Lu Chong took his son and showed the little boy to his friends. The friends thought the boy was a ghost. It was said that saliva could cause a ghost to reveal its true features and also could restrain the ghost, so these young men spat saliva to the little boy, but the features of the boy didn’t change. The young men asked the child, “Who is your father?” The boy threw himself into the arms of Lu Chong. Lu Chong showed the poem of the woman to the friends, and these young men were moved deeply. They weren’t suspicious of this child any longer. All of them sighed over the love between the alive and the dead.
Several days later, Lu Chong went to the market of the city and showed the gold bowl. He made a very high price, because in fact he didn’t want to sell the bowl, and he wanted to meet someone who recognized this bowl. Later, an old woman recognized this bowl, but she didn’t tell Lu Chong. She returned home right away, and said to her mistress, “In the market, I saw that a man is selling a gold bowl which was placed in the coffin of the daughter of the Cui’s family.” The mistress was the younger sister of Cui Shaofu’s wife, so she felt very surprised. She let her son to the market for asking about the gold bowl. Her son found Lu Chong and they introduced themselves each other. Then the young man told Lu Chong, “Many years ago my maternal aunt married Cui Shaofu and gave birth to a daughter. But the girl died before getting married. My mother mourned her death, and then gave a gold bowl to her. The gold bowl was placed in the coffin of the girl. Please tell me how you got this gold bowl.” Lu Chong then told his experience to the young man, and the young man felt sad, too. The young man returned home and told Lu Chong's words to his mother. The woman felt that it was miraculous, and she called her relatives to go to Lu Chong’s home with her. The woman saw the son of Lu Chong had the features of both of Lu Chong and Cui’s daughter. She recognized the gold bowl, too. Then she said, “My niece was born in the end of the third month. Her father said, ‘The spring is so warm, so I wish my daughter to be a fine woman.’ So he gave his daughter a Zi (字) called ‘Wenxiu’ (温休). Perhaps ‘Wenxiu’ is the omen of the marriage in the nether world.”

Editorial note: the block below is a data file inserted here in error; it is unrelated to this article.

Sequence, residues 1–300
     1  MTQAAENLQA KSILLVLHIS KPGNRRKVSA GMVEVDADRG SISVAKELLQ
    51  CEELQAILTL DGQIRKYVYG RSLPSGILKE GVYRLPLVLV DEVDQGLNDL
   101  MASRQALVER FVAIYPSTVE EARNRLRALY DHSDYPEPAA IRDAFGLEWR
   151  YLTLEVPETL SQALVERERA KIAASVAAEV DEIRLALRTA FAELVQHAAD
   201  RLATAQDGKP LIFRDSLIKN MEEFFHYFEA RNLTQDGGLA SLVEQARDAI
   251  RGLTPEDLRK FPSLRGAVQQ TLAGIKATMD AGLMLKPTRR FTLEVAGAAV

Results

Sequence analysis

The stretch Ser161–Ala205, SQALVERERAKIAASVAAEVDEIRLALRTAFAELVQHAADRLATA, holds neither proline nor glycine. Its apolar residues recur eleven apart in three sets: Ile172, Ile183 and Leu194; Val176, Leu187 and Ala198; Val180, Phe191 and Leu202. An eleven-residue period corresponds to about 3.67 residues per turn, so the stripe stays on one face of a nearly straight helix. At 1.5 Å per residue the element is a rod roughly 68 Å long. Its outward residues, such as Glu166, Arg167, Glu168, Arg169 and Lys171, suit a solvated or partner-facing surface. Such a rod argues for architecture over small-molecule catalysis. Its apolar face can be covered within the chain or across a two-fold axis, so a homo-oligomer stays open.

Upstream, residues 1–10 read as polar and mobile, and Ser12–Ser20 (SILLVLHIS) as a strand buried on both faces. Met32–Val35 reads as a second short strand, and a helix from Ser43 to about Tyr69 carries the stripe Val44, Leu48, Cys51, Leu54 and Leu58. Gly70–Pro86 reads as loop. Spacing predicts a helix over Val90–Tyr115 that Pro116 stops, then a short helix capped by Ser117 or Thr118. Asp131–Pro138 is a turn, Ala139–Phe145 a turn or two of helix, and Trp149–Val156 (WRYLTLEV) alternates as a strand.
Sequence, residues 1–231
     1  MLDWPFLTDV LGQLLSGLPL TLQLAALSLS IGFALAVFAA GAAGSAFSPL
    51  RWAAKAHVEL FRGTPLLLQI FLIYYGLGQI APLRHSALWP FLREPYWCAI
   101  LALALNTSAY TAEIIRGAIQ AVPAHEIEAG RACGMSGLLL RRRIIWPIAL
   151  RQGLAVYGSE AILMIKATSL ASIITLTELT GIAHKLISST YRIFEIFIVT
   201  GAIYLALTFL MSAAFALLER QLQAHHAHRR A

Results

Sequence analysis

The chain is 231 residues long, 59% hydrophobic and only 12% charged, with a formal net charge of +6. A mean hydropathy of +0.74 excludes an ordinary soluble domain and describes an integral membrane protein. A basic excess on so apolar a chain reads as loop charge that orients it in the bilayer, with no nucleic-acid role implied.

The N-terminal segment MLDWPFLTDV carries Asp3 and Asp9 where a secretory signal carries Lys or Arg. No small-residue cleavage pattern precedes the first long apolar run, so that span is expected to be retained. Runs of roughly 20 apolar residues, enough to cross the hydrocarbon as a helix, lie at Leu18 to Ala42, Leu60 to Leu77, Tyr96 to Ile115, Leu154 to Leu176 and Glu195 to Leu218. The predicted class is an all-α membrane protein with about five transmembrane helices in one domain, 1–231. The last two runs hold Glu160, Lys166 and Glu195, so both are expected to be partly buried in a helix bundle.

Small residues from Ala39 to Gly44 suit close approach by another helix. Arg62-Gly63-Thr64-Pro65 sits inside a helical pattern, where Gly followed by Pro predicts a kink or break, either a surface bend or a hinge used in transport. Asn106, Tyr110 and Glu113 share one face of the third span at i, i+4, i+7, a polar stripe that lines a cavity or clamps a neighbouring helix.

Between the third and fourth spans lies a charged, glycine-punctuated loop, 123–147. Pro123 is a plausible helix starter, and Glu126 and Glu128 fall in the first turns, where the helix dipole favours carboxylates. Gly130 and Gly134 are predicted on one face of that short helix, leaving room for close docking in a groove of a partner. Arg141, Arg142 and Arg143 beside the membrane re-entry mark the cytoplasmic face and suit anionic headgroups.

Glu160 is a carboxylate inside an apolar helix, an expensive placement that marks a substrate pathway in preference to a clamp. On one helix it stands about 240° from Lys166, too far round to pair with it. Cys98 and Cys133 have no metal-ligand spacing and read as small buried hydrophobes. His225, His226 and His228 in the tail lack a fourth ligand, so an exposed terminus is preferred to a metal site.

There is much cultural knowledge which should be explained. “Zi” was another name of a Chinese in the ancient times. Generally men had a Zi, but women didn’t have it. But if a woman was born in a scholarly family, or her father wanted to express his great expectations to her, the woman would get a Zi. Generally the Zi was gotten when a person had grown up. But if the father wanted to express his special expectations, perhaps the Zi would be given when a person was born. In the word “Wenxiu”, the Chinese character “Wen” (温) means “warm”. The character “Xiu” (休) has many meanings. When “Xiu” is used as a verb, it generally means “Stop”. If “Xiu” is used as an adjective (the usage is generally in ancient Chinese language), it means “fine; auspicious; happy”. The meaning of “Wenxiu” that Cui Shaofu gave to his daughter was “warm and fine”. But if “Wenxiu” was understood by another method, it means “Warm Stops”. The nether world was described as a cold world in traditional Chinese culture. So “Warm Stops” could be understood as the omen of the nether world.
Lu Chong decided to educate the little boy who lost his mother to be an excellent man. In the later days, the boy became a governor of a Jun. His offspring were all excellent persons. Among his offspring, Lu Zhi (卢植) was the most famous one. He was a brilliant scholar in the Eastern Han Dynasty.
The story that Lu Chong married a woman ghost was remembered generation after generation. In the Western Jin (西晋) Dynasty, one day in a banquet, Lu Zhi (卢志) defiantly asked Lu Ji (陆机), “Which relatives of yours were Lu Xun (陆逊) and Lu Kang (陆抗)?” Lu Ji said, “As you with Lu Yu (卢毓) and Lu Ting (卢珽).” Lu Yun (陆云), who was the younger brother of Lu Ji, lost countenance. When they left the house, Lu Yun said to Lu Ji, “Why did you say so? Perhaps he really doesn’t know the fact.” Lu Ji said with a severe countenance, “Our father and grandfather had illustrious fame in our nation. Who doesn’t know them? Only the offspring of a ghost dares to say that.” Lu Xun was the grandfather of Lu Ji, and he was the prime minster (丞相) of the Wu (吴) State in the Three-Empires Times. Lu Kang was the father of Lu Ji, and he was the military minister (大司马) of the Wu State. Lu Yu was the son of Lu Zhi (卢植), and he was the minister (司空) of public works in the Wei (魏) State in the Three Kingdoms Era. Lu Ting was the son of Lu Yu, and he was an advisory and secretarial minister (侍中尚书) in the Western Jin Dynasty. Lu Zhi (卢志) was the son of Lu Ting. Because the Wu State surrendered itself to the Western Jin Dynasty which took the place of the Wei State, Lu Zhi (卢志) intentionally insulted the Lu (陆)’s family. It is very disrespectful to face a person and say the names of the person’s grandfather and father. Lu Ji thought he was from a noble family, and he couldn’t be tolerant of the disdain of Lu Zhi. So he said the names of Lu Zhi’s grandfather and father, too. The abusive words “the offspring of a ghost” show that the story of Lu Chong had been read widely.